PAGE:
Learn ten Darug words
“This is an example of onomatopoeia that really touches people. It means ‘heart’ and it sounds touching, but it’s another indicator that Darug is a purposely designed language. It makes everyone smile when you say it to them.”
“It means ‘storyteller’. Without books or the internet, humans were the source of knowledge. The knowledge of an Elder would define clans. Yellomundi used stories to weave history and lessons into stories; they had the role of passing on information to the next generation.”
“It means ‘where are you going?’, or ‘let’s go over there’, but it also means ‘chin’. There was a body movement to motion where you were travelling or asking where someone is going. It’s something that every language does or has, but we may not realise it.”
“The most common spelling around Sydney is ‘Eora’. A lot of people think it’s a clan name, but the meaning is ‘people’. You can see how historically we became known as the Iyora people. It may have been lost in translation.
“It means ‘thirsty’. There are countless place names that are influenced by the Aboriginal language spoken there and dura means ‘has no water’, or ‘thirsty’, and the land in Dural is dry – it’s a thirsty place. My other go-to place name among friends is ‘Coogee’, which means ‘place smelling of rotten seaweed’. Apparently the seaweed now gets caught in nets and doesn’t wash up on the shore anymore.”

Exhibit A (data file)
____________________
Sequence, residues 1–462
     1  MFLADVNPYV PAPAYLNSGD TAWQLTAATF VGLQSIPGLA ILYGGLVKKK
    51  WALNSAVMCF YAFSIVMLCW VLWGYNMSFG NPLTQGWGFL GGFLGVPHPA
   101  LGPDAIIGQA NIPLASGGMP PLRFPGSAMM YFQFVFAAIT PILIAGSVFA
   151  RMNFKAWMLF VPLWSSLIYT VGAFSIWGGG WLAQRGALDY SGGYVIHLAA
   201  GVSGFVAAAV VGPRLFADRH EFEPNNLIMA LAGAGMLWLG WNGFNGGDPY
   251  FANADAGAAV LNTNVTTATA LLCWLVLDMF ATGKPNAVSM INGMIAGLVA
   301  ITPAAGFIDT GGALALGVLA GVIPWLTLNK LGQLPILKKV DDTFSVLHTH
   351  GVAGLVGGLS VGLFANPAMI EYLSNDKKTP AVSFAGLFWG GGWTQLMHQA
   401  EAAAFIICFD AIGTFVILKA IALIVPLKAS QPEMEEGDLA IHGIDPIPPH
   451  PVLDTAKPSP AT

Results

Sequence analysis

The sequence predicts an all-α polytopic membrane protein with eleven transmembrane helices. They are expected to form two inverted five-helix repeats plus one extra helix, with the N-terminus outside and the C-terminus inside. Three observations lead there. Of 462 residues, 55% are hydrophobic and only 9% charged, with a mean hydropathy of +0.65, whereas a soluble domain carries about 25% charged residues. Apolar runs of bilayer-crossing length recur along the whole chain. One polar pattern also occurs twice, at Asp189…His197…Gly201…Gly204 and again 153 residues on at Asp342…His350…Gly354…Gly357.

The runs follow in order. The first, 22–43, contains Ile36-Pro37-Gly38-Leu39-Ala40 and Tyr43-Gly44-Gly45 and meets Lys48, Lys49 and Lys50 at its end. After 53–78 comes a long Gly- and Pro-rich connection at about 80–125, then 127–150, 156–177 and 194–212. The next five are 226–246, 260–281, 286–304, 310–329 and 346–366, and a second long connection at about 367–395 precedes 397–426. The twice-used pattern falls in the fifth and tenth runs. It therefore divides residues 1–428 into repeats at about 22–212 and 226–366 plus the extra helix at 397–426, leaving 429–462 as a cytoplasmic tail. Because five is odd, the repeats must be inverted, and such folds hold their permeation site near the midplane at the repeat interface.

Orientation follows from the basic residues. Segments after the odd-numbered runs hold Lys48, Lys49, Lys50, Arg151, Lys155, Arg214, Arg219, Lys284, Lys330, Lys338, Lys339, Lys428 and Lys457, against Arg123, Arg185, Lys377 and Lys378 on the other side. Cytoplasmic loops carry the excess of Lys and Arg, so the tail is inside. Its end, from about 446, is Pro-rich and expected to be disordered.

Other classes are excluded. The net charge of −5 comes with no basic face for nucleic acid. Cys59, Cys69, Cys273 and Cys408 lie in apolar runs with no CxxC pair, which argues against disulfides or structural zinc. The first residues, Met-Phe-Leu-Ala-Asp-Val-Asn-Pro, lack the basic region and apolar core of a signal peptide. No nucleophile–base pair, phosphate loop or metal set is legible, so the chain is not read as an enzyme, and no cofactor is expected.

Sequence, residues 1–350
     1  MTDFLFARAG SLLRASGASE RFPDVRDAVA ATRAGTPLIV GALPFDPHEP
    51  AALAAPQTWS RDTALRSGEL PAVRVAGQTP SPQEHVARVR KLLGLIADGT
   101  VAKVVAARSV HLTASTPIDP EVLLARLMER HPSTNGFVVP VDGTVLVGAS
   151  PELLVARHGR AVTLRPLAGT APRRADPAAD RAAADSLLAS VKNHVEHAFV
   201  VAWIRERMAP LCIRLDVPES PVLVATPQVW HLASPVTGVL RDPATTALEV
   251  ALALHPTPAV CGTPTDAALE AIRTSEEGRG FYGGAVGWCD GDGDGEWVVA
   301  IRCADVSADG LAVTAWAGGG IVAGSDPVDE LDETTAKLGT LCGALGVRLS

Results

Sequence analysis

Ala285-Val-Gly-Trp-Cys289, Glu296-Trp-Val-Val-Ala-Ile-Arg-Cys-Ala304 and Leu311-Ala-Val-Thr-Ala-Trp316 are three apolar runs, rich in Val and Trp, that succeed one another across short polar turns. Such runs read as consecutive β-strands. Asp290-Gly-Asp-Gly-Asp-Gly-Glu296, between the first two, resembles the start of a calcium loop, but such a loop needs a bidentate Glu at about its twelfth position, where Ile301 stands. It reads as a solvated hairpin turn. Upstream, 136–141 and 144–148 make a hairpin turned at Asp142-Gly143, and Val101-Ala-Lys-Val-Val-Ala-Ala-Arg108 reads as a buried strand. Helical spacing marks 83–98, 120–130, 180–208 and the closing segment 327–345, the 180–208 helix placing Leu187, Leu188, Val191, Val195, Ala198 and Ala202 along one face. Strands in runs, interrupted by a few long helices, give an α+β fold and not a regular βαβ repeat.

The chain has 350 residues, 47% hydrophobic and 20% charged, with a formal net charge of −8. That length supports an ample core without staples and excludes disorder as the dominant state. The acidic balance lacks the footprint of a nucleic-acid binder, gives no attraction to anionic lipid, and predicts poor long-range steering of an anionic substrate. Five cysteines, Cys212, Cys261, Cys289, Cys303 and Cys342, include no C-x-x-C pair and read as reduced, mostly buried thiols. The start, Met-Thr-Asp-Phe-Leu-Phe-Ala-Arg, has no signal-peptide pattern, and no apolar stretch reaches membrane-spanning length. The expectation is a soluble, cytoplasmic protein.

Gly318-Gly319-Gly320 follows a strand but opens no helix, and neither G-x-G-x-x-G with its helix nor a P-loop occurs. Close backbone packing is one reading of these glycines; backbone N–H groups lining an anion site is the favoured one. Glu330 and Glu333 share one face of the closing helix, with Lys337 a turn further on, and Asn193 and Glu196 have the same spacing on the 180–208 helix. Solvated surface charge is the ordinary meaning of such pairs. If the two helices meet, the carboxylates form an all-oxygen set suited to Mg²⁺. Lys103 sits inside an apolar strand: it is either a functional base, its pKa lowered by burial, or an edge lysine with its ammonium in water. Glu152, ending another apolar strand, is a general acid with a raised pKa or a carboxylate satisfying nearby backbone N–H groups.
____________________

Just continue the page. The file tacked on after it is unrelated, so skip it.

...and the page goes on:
“These are my personal favourites. Bugi means ‘bark’ and Bagi means ‘skin’. It really draws on the connection between the biology of plants and humans. Bark is the skin of the tree, and it’s not unlike our skin. It shows how important the spiritual connection was with trees, and how deliberate the language was.”
“Pronounced ‘Kurrung-durrung’, it means ‘paperbark’. It’s a long word to describe a simple tree but it really gives it that significance. Paperbark was used in almost every aspect of life pre-colonisaton; it was used for cooking, bedding, art, it marked waypoints and meeting areas. It was also used in ritual burial. The Sydney people did bury their dead."
“It means ‘wind’. It’s one of the major elements, and it has emphasis in the beginning – similar to the strong ‘coo’ in Coogee – it beginnings with a strong ‘gu’. It signifies the power of the wind through the emphasis. Don’t mess with the wind.”
“It means ‘stars’. Nowadays if a language was developed in Sydney, you’d think it would miss out stars because I walk out at night and there are a total of six stars, usually the Orion’s belt. Being a Sydney boy, it’s interesting to think about how my people used to be able to stargaze from where the Opera House sits now.”
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